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Tax Litigation Archives

Can the IRS contact me after I get representation in a tax case?

Taxpayers in Southern California who are the subject of an inquiry by the Internal Revenue Service have the right to retain the services of an experienced tax professional to represent them in pending matters with the agency. Once the representative properly informs the IRS that he or she is acting on behalf of the taxpayer under investigation, the IRS must respect that relationship and deal with the representative directly.

Federal court in California invalidates DAD tax shelter

The Internal Revenue Code sets up a system of incentives for taxpayers relating to the payment and minimization of taxes. Payment is encouraged through the threat of penalties, while the Code dangles various carrots in front of taxpayers that can reduce their final tax bill. Examples include popular deductions, such as those for charitable donations and home mortgage interest payments.

California institutes sales tax for certain online purchases

For years, California residents have used online shopping for its ease, convenience and lack of sales taxes. While purchasers can still reap the benefits of having goods shipped directly to their home or office, they can no longer avoid paying sales taxes on items bought from larger retailers.

Medical marijuana dispensary costs not a business expense

There is an unusual interplay between federal and state laws. While states have the ability to enact their own laws, when there is a conflict, federal laws control. For example, medical marijuana dispensaries are a completely legal business in California. However, federal law still considers marijuana a controlled substance regardless of the purpose for which it is used.

How can California residents use tax law to help pay for college?

Labor Day is just around the corner, signaling the unofficial end of summer and the traditional start of the academic year. At colleges and universities around California, students are moving into apartments and dormitories, purchasing supplies at the bookstore and preparing for the first day of classes, if they haven't already begun.

Letters from IRS could lead to full-scale tax investigation

While sorting through their mail this year, a number of Southern California residents have probably had their hearts skip a beat as they discovered a letter from the Internal Revenue Service. Perhaps it was a request for information, or perhaps it was the dreaded notice of deficiency, which is the herald of tax litigation. Whatever the contents, a communication from the IRS rarely fails to induce anxiety.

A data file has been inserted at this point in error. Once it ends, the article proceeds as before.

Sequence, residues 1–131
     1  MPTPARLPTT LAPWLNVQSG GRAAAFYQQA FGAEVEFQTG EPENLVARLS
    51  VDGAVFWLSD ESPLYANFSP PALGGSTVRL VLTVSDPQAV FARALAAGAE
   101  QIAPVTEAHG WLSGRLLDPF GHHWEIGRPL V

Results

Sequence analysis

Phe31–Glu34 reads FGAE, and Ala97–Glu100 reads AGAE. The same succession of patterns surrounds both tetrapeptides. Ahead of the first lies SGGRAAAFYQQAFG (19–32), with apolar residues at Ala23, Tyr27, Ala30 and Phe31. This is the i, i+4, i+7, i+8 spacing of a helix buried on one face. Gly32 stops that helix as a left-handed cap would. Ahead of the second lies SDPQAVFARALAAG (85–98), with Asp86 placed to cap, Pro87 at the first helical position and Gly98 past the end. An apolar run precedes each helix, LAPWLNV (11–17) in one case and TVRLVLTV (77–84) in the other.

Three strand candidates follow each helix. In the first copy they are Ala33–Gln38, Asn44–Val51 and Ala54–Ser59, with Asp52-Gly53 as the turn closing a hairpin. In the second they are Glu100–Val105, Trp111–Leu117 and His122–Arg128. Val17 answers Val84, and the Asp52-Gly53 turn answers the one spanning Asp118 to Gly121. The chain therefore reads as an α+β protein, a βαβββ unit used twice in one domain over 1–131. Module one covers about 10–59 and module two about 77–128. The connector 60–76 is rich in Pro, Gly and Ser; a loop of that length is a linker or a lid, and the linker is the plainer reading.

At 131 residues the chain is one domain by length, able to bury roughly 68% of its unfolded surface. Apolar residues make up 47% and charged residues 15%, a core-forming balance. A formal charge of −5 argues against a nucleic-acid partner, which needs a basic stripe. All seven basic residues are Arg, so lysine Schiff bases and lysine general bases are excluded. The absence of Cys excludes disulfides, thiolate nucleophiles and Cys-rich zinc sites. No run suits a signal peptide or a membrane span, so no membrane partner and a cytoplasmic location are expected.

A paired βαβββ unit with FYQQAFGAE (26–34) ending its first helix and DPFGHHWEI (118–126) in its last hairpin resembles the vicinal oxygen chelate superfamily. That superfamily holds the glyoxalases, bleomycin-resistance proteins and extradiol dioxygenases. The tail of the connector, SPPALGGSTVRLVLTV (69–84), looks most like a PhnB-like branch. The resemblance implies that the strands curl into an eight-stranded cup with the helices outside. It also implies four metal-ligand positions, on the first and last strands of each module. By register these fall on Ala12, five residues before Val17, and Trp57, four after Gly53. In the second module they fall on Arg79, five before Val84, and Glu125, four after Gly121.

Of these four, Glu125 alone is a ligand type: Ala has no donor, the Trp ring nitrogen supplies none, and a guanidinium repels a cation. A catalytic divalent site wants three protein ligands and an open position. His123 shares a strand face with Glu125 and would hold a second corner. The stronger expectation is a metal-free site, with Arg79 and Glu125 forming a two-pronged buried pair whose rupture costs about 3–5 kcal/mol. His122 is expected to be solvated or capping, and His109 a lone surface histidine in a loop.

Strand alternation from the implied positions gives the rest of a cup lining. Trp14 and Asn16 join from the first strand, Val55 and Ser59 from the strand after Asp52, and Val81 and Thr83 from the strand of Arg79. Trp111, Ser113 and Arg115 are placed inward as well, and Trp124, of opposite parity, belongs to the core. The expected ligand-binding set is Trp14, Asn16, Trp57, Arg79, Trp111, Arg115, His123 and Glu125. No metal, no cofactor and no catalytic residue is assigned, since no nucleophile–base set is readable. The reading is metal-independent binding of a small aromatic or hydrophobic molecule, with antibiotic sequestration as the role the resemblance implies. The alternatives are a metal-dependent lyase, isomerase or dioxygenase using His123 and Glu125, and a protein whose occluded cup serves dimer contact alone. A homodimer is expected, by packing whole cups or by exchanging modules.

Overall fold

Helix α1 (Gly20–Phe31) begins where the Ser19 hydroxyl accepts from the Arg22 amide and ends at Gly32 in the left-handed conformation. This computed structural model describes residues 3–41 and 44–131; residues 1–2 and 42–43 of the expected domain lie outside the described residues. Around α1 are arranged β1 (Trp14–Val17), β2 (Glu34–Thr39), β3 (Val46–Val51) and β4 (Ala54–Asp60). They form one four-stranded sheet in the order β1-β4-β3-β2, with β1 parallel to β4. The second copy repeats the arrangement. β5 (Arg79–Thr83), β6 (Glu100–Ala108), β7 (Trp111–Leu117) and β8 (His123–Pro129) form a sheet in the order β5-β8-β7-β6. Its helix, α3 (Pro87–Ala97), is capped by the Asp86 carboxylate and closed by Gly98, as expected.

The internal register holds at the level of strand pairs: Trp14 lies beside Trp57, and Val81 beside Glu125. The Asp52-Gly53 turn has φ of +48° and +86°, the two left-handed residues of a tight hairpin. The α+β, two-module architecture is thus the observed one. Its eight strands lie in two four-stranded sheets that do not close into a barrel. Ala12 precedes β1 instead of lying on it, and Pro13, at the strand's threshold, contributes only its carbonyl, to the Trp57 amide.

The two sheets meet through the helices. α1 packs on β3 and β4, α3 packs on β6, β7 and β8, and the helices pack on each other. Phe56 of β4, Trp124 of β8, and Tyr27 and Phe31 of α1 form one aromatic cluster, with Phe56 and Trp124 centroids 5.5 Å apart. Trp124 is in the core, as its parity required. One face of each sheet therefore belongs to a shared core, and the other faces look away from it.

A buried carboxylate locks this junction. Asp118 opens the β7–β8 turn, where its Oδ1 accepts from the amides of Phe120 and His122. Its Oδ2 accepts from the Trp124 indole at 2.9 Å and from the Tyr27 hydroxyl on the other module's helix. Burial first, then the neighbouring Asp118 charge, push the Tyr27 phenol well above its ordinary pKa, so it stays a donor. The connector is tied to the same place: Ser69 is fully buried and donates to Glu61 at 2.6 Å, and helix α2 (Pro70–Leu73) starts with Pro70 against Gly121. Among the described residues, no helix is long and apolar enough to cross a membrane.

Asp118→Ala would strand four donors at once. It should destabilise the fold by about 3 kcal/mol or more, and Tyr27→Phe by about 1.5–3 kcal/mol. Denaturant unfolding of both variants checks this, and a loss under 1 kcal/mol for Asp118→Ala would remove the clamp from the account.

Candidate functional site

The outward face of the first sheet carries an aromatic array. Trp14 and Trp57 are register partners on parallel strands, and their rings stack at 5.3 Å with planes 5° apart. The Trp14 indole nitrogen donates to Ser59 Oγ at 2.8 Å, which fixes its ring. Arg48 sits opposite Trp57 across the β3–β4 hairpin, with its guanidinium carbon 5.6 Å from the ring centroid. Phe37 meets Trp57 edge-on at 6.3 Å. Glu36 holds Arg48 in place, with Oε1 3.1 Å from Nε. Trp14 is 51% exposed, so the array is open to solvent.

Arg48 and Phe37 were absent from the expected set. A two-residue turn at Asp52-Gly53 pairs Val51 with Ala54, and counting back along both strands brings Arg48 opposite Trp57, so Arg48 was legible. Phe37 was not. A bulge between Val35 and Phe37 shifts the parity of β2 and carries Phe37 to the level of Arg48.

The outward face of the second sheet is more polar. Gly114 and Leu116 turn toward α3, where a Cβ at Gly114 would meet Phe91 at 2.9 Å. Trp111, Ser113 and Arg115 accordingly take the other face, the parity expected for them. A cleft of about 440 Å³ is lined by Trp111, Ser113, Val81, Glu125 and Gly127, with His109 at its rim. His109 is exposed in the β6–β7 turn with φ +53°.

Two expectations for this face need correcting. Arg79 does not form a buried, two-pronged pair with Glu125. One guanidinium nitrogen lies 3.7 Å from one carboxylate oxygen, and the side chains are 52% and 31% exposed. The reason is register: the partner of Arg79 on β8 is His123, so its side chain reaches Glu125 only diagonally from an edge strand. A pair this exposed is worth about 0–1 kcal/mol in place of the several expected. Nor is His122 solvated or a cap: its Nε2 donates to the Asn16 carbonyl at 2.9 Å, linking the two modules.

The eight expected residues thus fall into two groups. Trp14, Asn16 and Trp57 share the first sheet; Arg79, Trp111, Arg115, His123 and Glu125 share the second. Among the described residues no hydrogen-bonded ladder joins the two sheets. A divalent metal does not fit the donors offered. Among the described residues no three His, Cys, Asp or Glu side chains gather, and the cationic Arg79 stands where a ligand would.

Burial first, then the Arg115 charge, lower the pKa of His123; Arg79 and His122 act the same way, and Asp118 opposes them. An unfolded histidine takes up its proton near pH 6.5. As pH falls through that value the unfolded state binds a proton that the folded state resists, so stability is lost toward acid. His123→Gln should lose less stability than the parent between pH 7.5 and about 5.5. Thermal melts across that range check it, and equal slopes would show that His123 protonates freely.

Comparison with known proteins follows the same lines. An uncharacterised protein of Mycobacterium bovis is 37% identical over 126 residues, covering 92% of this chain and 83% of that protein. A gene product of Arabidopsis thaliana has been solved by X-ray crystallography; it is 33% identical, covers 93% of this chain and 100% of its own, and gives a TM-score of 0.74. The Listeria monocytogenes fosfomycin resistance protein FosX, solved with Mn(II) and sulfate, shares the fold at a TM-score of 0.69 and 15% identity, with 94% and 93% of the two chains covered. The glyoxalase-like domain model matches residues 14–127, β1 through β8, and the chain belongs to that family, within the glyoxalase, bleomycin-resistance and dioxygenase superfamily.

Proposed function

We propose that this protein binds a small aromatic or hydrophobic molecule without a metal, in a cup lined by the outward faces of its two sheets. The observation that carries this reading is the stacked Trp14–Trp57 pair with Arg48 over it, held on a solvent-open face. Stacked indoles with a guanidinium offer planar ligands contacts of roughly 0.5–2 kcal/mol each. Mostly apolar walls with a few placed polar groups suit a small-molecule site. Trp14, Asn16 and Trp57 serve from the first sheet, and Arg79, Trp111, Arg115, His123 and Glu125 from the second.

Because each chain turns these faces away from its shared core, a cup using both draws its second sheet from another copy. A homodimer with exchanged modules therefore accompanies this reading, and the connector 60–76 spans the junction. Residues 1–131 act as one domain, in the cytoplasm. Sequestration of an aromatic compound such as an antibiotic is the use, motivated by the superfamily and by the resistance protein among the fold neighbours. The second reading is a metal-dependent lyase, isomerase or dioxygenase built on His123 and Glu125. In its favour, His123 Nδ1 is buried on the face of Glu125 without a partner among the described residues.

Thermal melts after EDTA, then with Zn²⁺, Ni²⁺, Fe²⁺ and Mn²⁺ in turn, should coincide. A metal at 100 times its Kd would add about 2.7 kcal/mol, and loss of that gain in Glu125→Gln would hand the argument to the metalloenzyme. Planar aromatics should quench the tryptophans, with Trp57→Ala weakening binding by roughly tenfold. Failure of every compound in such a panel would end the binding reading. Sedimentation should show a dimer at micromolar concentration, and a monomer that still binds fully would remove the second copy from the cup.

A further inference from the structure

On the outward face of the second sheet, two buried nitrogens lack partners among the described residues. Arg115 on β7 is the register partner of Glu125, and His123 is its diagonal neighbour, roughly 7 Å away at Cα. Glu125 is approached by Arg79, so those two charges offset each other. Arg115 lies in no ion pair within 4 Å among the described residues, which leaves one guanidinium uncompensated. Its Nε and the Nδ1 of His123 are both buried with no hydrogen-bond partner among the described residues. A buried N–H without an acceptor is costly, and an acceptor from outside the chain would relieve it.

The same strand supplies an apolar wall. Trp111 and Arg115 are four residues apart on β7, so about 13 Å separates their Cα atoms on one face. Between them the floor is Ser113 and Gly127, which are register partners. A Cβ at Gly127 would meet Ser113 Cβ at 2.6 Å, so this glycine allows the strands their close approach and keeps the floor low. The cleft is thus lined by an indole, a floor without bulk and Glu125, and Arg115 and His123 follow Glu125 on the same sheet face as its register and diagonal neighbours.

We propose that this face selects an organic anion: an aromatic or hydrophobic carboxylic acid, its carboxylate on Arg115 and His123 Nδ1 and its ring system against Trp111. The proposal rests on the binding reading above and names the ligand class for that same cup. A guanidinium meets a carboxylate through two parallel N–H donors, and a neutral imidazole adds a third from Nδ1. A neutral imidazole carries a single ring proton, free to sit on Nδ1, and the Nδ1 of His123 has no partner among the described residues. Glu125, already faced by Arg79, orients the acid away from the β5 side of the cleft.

Keeping organized records can help with tax returns, IRS audits

It is never too early for California taxpayers to begin preparing for next year's tax season. The more that one is able to accomplish today, the less work one will have to do to beat the filing deadline come April 2013. Keeping accurate, detailed and well-organized records is one way to ensure that springtime is not filled with stress.

California FTB sends tax audit letters questioning filing status

Selecting the correct filing status on one's state or federal tax return is important. Certain statuses, such as married or head of household, provide benefits not available to those who file singly. Of course, taxpayers must meet certain criteria in order to qualify for these statuses. But each year, either deliberately or by mistake, tens of thousands of California residents wrongly choose their status.

Installment agreement one option for those with tax debts

When summertime is in full swing in Southern California, taxes may be the furthest thing from many residents' minds. But for those who owe money to the Internal Revenue Service, taxes can become a year-round preoccupation. Since penalties and interest on tax debts can quickly swell the total amount owed, it is important to reduce and eliminate one's debts as quickly as possible.

IRS tax audits of businesses focus on corporations

When people in Southern California think of an Internal Revenue Service audit, they may picture an agent grimly scrutinizing a taxpayer's Form 1040, inquiring perhaps whether the person was eligible to claim certain deductions. While the IRS does perform tax audits of individual tax returns, it also spends a significant percentage of its resources on examining the returns of corporations.